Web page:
Canadian Forest Service Publications

Development of high-density SNP genotyping arrays for white spruce (Picea glauca) and transferability to subtropical and nordic congeners. 2013. Pavy, N.; Gagnon, F.; Rigault, P.; Blais, S.; Deschênes, A.; Boyle, B.; Pelgas, B.; Deslauriers, M.; Clément, S.; Lavigne, P.; Lamothe, M.; Cooke, J.E.K.; Jaramillo-Correa, J.P.; Beaulieu, J.; Isabel, N.; MacKay, J.; Bousquet, J. Mol. Ecol. Resour. 13:324-336.

Year: 2013

Available from: Laurentian Forestry Centre

Catalog ID: 34418

Language: English

CFS Availability: PDF (request by e-mail)

Available from the Journal's Web site.
DOI: 10.1111/1755-0998.12062

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Abstract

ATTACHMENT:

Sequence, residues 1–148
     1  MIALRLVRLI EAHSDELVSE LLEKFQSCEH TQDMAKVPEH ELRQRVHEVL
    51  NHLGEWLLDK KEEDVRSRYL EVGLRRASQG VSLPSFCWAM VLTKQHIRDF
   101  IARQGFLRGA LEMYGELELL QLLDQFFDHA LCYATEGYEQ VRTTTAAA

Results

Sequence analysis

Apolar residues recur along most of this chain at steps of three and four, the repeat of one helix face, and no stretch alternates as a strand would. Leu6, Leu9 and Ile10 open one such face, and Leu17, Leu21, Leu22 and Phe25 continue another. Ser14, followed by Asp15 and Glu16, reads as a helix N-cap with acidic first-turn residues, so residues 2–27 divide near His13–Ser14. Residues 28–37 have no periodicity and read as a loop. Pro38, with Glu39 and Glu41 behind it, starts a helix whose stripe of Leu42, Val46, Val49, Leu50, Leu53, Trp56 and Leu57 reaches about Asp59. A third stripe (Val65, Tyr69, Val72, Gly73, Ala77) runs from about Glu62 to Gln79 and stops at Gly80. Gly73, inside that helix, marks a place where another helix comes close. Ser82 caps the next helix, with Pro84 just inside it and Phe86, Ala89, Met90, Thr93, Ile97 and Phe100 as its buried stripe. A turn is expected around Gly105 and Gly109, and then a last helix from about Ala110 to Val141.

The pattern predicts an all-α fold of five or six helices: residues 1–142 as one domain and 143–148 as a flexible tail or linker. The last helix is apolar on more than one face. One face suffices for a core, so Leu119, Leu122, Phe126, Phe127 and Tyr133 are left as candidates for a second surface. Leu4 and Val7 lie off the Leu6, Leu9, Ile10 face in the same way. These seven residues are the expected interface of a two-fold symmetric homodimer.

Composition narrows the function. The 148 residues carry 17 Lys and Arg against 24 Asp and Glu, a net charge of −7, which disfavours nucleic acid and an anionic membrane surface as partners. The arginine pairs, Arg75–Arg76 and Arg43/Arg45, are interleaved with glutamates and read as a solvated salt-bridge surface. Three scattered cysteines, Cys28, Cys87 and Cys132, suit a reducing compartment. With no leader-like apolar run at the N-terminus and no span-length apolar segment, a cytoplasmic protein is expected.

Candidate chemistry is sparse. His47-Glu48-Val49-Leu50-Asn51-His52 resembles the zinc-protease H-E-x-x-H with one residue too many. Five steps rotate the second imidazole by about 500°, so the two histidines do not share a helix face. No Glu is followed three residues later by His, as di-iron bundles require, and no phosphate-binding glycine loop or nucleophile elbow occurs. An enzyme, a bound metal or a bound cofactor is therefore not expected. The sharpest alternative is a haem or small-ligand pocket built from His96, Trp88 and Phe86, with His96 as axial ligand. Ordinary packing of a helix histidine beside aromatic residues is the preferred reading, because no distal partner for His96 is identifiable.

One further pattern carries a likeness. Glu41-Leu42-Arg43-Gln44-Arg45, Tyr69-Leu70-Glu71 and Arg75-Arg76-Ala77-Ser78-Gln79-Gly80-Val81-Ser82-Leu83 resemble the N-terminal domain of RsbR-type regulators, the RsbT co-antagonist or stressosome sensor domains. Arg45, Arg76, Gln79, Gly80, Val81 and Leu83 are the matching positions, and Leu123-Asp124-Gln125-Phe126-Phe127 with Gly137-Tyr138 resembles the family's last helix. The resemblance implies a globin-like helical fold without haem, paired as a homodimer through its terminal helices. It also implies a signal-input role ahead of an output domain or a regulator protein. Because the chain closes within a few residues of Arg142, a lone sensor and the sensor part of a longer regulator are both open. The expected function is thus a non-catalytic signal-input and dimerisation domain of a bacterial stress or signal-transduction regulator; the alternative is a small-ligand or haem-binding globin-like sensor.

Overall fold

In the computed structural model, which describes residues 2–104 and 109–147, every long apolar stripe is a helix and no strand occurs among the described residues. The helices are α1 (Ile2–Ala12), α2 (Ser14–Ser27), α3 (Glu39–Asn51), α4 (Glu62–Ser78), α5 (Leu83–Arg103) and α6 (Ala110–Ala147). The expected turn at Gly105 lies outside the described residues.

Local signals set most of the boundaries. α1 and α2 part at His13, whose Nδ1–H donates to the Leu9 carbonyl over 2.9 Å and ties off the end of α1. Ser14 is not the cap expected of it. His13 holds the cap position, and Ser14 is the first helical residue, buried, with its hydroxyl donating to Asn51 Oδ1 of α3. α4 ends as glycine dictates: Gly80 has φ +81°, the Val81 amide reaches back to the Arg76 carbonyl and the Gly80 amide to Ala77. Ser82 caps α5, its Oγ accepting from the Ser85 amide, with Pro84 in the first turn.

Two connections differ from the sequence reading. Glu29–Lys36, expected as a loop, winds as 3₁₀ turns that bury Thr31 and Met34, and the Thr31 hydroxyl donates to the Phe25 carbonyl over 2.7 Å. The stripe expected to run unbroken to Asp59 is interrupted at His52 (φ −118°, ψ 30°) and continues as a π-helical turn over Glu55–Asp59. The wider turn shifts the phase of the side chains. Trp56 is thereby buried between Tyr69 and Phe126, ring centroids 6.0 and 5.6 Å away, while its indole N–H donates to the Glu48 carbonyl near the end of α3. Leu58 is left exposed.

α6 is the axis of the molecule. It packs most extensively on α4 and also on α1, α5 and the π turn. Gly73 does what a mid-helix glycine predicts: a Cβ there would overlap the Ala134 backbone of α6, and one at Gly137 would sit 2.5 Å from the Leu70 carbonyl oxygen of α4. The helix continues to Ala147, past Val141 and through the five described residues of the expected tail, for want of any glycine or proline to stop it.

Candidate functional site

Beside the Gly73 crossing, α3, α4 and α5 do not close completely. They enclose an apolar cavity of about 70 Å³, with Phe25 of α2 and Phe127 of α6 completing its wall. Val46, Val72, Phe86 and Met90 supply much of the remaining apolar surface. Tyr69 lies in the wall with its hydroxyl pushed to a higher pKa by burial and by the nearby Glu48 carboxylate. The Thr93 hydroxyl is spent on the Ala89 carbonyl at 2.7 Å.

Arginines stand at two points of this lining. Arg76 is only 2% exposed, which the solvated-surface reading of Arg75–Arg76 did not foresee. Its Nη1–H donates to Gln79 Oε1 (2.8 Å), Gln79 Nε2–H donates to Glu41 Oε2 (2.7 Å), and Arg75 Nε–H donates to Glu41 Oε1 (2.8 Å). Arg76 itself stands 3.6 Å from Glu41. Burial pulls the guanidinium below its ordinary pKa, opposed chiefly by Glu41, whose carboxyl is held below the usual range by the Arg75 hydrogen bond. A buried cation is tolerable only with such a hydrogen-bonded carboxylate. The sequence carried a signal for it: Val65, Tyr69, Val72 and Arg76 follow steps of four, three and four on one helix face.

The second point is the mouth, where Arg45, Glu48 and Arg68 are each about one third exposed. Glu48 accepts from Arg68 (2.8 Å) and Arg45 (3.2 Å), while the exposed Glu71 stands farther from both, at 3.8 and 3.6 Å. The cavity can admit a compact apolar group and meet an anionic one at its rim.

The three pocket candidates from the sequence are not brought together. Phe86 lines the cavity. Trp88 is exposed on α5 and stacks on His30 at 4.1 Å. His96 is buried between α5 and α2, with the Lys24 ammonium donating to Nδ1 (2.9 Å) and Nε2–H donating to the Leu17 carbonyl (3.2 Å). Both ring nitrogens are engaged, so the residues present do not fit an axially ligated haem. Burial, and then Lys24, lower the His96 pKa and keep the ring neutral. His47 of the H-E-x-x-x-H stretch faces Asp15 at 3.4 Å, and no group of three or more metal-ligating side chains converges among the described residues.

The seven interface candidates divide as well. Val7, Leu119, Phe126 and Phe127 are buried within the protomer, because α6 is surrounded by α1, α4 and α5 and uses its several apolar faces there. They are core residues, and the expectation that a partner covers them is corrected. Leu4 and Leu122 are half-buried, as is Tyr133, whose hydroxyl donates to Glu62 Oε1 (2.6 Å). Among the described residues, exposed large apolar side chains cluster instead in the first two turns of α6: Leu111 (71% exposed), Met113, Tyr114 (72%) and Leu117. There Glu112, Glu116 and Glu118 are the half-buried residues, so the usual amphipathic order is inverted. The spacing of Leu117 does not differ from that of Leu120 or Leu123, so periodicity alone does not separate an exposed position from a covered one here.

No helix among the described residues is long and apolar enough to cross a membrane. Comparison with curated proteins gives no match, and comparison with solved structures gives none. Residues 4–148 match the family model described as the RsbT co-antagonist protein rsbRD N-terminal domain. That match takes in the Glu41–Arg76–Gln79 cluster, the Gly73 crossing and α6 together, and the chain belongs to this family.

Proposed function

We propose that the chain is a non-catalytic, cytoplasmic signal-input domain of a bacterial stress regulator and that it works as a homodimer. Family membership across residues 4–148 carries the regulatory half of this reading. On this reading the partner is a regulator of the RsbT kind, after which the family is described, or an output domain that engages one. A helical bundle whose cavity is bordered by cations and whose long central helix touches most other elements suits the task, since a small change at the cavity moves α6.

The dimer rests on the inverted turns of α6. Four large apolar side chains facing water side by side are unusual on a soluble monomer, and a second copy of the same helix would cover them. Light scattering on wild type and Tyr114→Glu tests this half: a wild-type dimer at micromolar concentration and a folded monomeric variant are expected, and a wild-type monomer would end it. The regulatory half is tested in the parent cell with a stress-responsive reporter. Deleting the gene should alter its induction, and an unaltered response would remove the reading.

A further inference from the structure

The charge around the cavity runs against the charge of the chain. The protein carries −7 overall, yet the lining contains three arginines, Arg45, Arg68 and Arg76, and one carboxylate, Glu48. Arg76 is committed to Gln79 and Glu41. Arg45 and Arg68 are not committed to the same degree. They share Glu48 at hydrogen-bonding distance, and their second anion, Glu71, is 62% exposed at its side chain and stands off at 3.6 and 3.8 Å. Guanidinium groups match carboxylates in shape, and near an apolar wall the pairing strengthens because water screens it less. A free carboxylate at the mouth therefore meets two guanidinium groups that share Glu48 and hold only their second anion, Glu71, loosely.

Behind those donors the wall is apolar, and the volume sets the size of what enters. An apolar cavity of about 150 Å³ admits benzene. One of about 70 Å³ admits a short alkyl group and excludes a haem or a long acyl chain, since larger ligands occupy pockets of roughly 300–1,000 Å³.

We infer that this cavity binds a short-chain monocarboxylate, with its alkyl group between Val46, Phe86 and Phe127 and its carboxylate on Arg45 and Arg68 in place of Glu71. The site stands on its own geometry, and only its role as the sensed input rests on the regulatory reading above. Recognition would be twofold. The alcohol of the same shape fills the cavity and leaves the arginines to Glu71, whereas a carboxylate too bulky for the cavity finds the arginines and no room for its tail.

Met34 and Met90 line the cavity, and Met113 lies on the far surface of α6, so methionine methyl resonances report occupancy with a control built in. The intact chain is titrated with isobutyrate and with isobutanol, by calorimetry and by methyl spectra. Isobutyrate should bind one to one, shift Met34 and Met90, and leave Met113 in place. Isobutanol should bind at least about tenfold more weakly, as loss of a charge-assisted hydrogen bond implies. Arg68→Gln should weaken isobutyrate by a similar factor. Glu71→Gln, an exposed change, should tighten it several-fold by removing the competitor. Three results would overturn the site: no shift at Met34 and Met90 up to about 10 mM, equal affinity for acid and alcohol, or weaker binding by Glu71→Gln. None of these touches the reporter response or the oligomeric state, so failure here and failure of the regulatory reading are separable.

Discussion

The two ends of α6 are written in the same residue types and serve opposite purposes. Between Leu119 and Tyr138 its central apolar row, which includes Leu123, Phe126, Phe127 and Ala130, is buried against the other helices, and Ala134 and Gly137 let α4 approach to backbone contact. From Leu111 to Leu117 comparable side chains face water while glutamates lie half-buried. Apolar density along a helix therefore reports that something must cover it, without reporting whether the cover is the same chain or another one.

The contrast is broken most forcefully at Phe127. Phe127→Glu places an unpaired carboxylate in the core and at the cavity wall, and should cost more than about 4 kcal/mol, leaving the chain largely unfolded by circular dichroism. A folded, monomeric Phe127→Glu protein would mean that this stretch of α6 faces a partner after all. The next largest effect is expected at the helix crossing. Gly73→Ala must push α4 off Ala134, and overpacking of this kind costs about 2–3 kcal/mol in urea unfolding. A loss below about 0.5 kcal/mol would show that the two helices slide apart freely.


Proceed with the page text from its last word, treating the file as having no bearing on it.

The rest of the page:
High-density SNP genotyping arrays can be designed for any species given sufficient sequence information of high quality. Two high-density SNP arrays relying on the Infinium iSelect technology (Illumina) were designed for use in the conifer white spruce (Picea glauca). One array contained 7338 segregating SNPs representative of 2814 genes of various molecular functional classes for main uses in genetic association and population genetics studies. The other one contained 9559 segregating SNPs representative of 9543 genes for main uses in population genetics, linkage mapping of the genome and genomic prediction. The SNPs assayed were discovered from various sources of gene resequencing data. SNPs predicted from high-quality sequences derived from genomic DNA reached a genotyping success rate of 64.7%. Nonsingleton in silico SNPs (i.e. a sequence polymorphism present in at least two reads) predicted from expressed sequenced tags obtained with the Roche 454 technology and Illumina GAII analyser resulted in a similar genotyping success rate of 71.6% when the deepest alignment was used and the most favourable SNP probe per gene was selected. A variable proportion of these SNPs was shared by other nordic and subtropical spruce species from North America and Europe. The number of shared SNPs was inversely proportional to phylogenetic divergence and standing genetic variation in the recipient species, but positively related to allele frequency in P. glauca natural populations. These validated SNP resources should open up new avenues for population genetics and comparative genetic mapping at a genomic scale in spruce species.

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